Asian History of Social Process Essay

Pages: 4 (1251 words)  ·  Bibliography Sources: 2  ·  File: .docx  ·  Level: College Senior  ·  Topic: Drama - World

Transformative Years That Were Many Years in the Making

In his essay entitled "1789-1792 and 1989-1992: Global Interaction of Social Movements," historian Patrick Manning parallels the events of 1789, the year of the storming of the Bastille and the beginning of the French Revolution with 1989. 1989 encompassed the successful movement to unite the two Germanys and end the Soviet dominion of Eastern Europe as well as the unsuccessful pro-democracy movement in China. Because of their powerful, symbolic nature, these events are often interpreted as just that -- singular events. But Manning believes that such social movements cannot be understood in isolation, but should be understood as international phenomena. "Even these most macro-oriented of the analysts of social movements have tended, however, to focus on social revolutions as independent cases, rather than emphasize their connections to each other. In recent years, some social historians have explored social movements at transnational levels, emphasizing their long-term patterns of development" (Manning, par. 7).Buy full Download Microsoft Word File paper
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Essay on Asian History of Social Process Assignment

Manning believes that the inequality between the Estates General, higher taxes, and food shortages were undeniable contributors to the French Revolution. But the American Constitutional convention and its creation of a written constitution, anti-slavery movements, and agrarian revolts also influenced demands for party, justice, and finally revolution in France. Manning argues that these international examples provided models or templates for social justice movements in France and elsewhere. The storming of the Bastille may have been the most cinematic moments of all the revolutionary occurrences of 1789, but the spread of anti-slavery crusades in Europe and Africa, and the demand for the rights of disenfranchised peasants and laborers in America cannot be ignored. The French learned about these events through cross-pollination of information around the globe. This suggests that revolutionary France cannot be understood in international isolation. "By 1792, black sailors arriving at Salvador in Bahia were reputed to have worn medallions celebrating the slave uprising…in early 1792 the move to abolish slave trade appeared to be gaining irreversible momentum" (Manning par. 31-32). Also, the fears that the French regicide spawned created movements either for moderate liberalization, to dampen radical furor (as in England) or more autocratic rule.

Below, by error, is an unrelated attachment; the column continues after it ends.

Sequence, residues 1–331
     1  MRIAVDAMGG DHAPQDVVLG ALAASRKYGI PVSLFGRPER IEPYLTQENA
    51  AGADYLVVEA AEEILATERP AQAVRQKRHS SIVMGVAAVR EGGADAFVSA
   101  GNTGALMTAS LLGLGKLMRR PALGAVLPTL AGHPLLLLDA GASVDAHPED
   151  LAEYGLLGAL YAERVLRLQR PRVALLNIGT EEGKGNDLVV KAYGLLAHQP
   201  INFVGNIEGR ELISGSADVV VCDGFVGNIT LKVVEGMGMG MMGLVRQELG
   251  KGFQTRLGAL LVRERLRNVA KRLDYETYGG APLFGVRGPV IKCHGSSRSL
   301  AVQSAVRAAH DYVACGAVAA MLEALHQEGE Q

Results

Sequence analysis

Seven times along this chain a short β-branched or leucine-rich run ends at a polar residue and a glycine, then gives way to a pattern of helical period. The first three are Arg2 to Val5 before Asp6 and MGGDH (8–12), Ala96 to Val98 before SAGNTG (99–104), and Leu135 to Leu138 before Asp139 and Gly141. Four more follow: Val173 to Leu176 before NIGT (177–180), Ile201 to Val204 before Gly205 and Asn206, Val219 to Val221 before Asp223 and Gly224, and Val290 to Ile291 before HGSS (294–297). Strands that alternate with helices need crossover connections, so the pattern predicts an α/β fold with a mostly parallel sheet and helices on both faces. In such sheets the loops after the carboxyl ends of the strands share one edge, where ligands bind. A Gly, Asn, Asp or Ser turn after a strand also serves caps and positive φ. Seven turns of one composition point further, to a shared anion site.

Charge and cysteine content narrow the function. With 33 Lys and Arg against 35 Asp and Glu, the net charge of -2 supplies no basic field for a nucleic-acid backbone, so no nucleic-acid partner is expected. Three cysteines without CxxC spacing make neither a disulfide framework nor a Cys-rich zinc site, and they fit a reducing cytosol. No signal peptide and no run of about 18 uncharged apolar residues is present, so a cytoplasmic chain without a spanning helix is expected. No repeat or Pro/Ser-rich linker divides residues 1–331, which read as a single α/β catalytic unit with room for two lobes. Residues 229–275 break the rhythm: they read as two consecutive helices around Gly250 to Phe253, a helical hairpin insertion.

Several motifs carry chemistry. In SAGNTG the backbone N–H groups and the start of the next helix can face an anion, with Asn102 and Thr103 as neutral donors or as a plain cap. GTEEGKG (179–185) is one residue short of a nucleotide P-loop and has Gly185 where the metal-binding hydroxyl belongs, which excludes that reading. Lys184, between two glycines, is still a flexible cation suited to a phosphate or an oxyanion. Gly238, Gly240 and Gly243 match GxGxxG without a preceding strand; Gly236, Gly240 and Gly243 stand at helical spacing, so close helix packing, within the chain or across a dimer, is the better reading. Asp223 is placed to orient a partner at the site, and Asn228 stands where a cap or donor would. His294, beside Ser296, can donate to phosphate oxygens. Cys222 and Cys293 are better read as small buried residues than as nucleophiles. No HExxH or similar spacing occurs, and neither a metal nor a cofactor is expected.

After Manning draws his parallels, it is difficult to ignore the superficial resonances between the different eras: likewise, 1989 was a year of successful and unsuccessful mass revolts. In each nation that experienced unrest, there was a long, specific, and personal history of oppression, but the oppressed drew conscious parallels between their own struggles and the struggles of others. "As in 1789, these events of 1989 gained in recognition because they precipitated a confluence of several different types of social movement and the formation of transnational links of sympathy and mutual support" (Manning par. 41) Decolonization and the self-determination of ethnic groups along with calls for democracy all coalesced. Almost at the same time, "Soviet withdrawal from Afghanistan, South African withdrawal from its long occupation of Namibia, Vietnamese withdrawal of troops from Cambodia, and the agreement of the communist-led government in Poland to elections that would surely cause it to step down" all occurred, inspiring people in other pockets of the globe, but particularly in Eastern Europe, to develop a revolutionary sensibility (Manning par. 41).

Hope and the real possibility of change were inflamed in the hearts of millions. What before had seemed like insurmountable odds, now seemed possible: the Goliaths of communist power had been slain by Davids. The Soviet Union began to crumble, gradually shedding republics and former satellite states. South Africa was transformed by the end of apartheid. Saddam Hussein's invasion of neighboring Kuwait was swiftly defeated by the democratic military might of the U.S. While of course, the historical forces that had given rise to these events did not occur overnight, and it could… [END OF PREVIEW] . . . READ MORE

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Asian History of Social Process.  (2010, May 12).  Retrieved September 29, 2020, from https://www.essaytown.com/subjects/paper/asian-history-social-process/331074

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"Asian History of Social Process."  Essaytown.com.  May 12, 2010.  Accessed September 29, 2020.
https://www.essaytown.com/subjects/paper/asian-history-social-process/331074.